“Beavers Cranford Party”
“Horbury Independent Political Party”
“Shepway Independents”
“Somali United Intellectuals Expatriates Democratic Party”
“Spiritual Unity Party”
“The Individual Reform Party”

*June 2012
“Downlands Residents Group”
“England First Party”
“Save King George Hospital”
“Socialist Studies Party (1904)”
“The Dover Alliance”

*July 2012
“Christian Party “Proclaiming Christ’s Lordship”
“Community Alliance”
“For Integrity and Trust in Government”
“Great Aycliffe Independents”
“Independent Republican Party”
“Romford Residents Association”
“Stone’s Independent Voice”

*August 2012
“Northumbria Party – The North East Party”
“Public Services Not Private Profit”
“Voice 4 Torbay”

*September 2012
“East Kilbride Alliance”
“Heart of Puriton”
“PLC Party”
“Protest Vote Party”
“United Unionist Coalition”

*October 2012
“East Dunbartonshire Independent Alliance”

*November 2012
“New Dawn”

Caucus envy

So, then, Rick Perry? Excited, aren’t we? He only beat God’s Representative On Earth by the narrowest of margins! And so, the Republican Party begin their long, ultimately fruitless search for a nominee to take on Obama, spending the GDP of a developing nation in their criss-crossing, attack ad developing, podium thumping electioneering jamboree.

(If you’re Rick Santorum, “podium” is “pulpit”, and if you saw his speech earlier this morning, you’d be forgiven for thinking CSPAN stood for “Christians Stand Preaching, Americans Nauseous”)

The primary and caucus period in the US is unlike any other election format enjoyed elsewhere on Earth; it is truly unique. Nothing is more bizarre, out dated, over the top or free from policy details and I’ve followed local administration elections in Britain for years. Listen to Michelle Bachmann for perhaps the most outrageous delusion this side of British National Party candidates claiming they will win seats at the next election. “There maybe a different Michelle in the White House next year!” she told supporters today. Maybe there will, Michelle, I understand they are always looking for interns.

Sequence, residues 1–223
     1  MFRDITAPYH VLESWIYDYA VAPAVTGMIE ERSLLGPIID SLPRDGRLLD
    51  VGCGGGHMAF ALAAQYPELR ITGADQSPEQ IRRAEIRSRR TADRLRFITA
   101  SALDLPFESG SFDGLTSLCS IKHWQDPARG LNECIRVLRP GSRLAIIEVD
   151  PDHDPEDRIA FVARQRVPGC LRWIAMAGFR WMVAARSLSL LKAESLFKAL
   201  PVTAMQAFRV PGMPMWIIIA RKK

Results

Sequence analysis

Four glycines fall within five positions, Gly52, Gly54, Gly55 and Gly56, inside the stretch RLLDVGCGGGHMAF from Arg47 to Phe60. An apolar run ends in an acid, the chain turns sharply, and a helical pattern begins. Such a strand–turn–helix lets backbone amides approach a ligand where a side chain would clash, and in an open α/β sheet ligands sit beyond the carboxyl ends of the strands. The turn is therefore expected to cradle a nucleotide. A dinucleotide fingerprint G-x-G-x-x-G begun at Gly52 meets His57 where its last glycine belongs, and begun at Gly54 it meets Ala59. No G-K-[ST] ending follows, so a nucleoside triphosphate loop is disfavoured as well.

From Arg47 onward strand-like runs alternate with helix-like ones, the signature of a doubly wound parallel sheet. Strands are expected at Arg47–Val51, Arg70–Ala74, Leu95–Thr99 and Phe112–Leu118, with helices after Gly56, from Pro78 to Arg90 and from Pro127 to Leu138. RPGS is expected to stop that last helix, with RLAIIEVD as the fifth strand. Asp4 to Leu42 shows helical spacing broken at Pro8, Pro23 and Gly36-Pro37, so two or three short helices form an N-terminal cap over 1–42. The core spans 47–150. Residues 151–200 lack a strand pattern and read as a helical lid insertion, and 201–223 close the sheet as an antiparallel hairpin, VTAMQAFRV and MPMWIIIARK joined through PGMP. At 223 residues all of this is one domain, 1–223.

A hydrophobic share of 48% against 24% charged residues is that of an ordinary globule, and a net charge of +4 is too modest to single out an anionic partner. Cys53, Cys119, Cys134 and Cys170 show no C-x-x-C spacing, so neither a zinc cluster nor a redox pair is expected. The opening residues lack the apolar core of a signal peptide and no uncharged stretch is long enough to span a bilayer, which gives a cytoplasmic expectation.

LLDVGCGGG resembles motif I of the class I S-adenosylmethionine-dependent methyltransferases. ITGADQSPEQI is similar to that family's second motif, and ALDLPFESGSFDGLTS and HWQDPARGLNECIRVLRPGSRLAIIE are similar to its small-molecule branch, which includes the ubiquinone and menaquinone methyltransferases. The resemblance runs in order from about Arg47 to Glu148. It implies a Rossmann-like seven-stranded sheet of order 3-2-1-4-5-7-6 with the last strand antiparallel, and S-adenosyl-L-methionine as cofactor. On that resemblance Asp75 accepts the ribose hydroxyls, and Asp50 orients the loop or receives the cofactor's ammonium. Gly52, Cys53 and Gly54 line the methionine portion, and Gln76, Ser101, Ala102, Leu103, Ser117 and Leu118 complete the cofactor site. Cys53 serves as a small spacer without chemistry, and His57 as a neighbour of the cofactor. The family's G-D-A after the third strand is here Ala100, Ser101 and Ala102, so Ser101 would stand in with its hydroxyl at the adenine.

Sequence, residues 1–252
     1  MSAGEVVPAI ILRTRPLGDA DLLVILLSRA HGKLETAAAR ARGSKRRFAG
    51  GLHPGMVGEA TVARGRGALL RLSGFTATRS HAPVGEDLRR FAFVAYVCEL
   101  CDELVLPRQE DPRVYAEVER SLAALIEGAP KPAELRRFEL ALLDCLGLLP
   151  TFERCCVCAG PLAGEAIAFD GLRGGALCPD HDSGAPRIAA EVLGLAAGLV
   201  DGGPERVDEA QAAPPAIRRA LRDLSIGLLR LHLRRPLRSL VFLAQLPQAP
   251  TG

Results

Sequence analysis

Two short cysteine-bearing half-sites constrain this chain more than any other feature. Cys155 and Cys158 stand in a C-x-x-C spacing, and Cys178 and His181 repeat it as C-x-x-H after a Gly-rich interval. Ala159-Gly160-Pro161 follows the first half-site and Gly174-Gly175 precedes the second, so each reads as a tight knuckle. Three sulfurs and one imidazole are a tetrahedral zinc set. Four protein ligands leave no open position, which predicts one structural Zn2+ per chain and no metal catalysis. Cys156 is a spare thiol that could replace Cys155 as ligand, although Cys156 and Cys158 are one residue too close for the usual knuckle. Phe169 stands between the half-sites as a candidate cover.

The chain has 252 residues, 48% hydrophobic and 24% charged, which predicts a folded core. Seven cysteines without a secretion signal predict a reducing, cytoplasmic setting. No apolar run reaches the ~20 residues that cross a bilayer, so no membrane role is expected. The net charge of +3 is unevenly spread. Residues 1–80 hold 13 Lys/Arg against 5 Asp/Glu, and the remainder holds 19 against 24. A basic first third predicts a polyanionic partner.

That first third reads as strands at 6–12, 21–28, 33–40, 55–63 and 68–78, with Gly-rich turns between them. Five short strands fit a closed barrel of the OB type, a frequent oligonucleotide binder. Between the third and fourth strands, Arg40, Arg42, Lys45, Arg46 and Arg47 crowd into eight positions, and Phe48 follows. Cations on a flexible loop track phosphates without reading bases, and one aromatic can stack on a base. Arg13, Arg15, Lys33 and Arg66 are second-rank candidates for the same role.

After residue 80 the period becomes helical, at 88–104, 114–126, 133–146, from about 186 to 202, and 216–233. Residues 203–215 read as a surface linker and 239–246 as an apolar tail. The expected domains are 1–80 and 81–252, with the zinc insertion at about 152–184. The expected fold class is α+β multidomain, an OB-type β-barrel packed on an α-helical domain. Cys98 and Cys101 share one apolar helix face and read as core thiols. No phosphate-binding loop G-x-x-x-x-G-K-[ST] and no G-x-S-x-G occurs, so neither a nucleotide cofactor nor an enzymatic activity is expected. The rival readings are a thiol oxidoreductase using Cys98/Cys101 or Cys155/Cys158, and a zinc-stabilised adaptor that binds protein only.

David Cameron was instrumental in bringing primary-ish elections to the UK in the run up to the 2010 general election. In two constituencies now held by the Tories – Totnes, and Gosport – anyone who lived in the constituency could vote in a ballot to choose the Tory candidate. Turnout was piddling and strains between the local associations and Tory HQ stretched to breaking point. The primaries did poke the local party members into action, however, and opened the door to the possibility of the UK welcoming them in full in time. Indeed there was talk during the election period of legislation being introduced to allow “Open Primaries” in marginal constituencies across the land.  LibDems in Glasgow, Labour members in Cambridgeshire, Tories in Liverpool – imagine  the fun and games to be had there…

One argument speaks highly of Primaries. The Conservatives struggle to fight Westminster elections in, say, Manchester or Birmingham, so why not open up selection of candidates in the first place to get names and faces out there, and then run with the built-up momentum for the next X months or years (ideally) to reap long-term rewards?

The downside arguments write their criticism in neon lights. Atop them all is the cost: millions across the country compared to barely a thousand per constituency if done the traditional way. And for the avoidance of doubt, the “traditional way” can often be the rubber stamping of a single candidate by a dozen members of a constituency party on a rainy Tuesday night. Britain does not have the same federal administration as the United States or even France where the Socialist Party undertook its own Primary system last year. The consequence of this would be a lack of reporting and explanation, potential alienation between neighbouring regions as one party pours in money at the expense of another.

Political parties are dying in some parts of the UK, which means anything goes in the ideas machine for building up membership and activism. For parties with “black holes” in the national map, Primaries could be ideal. They might not exactly bring back the Hustings of centuries past, though conversations on- and off-line would be at their most political for years. It would remind “those in the know” that ordinary people happen to care about their political representation, they’re just sick of being taken for granted (in safe seats) or swamped for a month every five years (in marginals). Primaries would engage political parties like never before – forced into a contest out of their control beyond traditional election time, some parties might struggle to adapt to candidates they don’t necessarily know.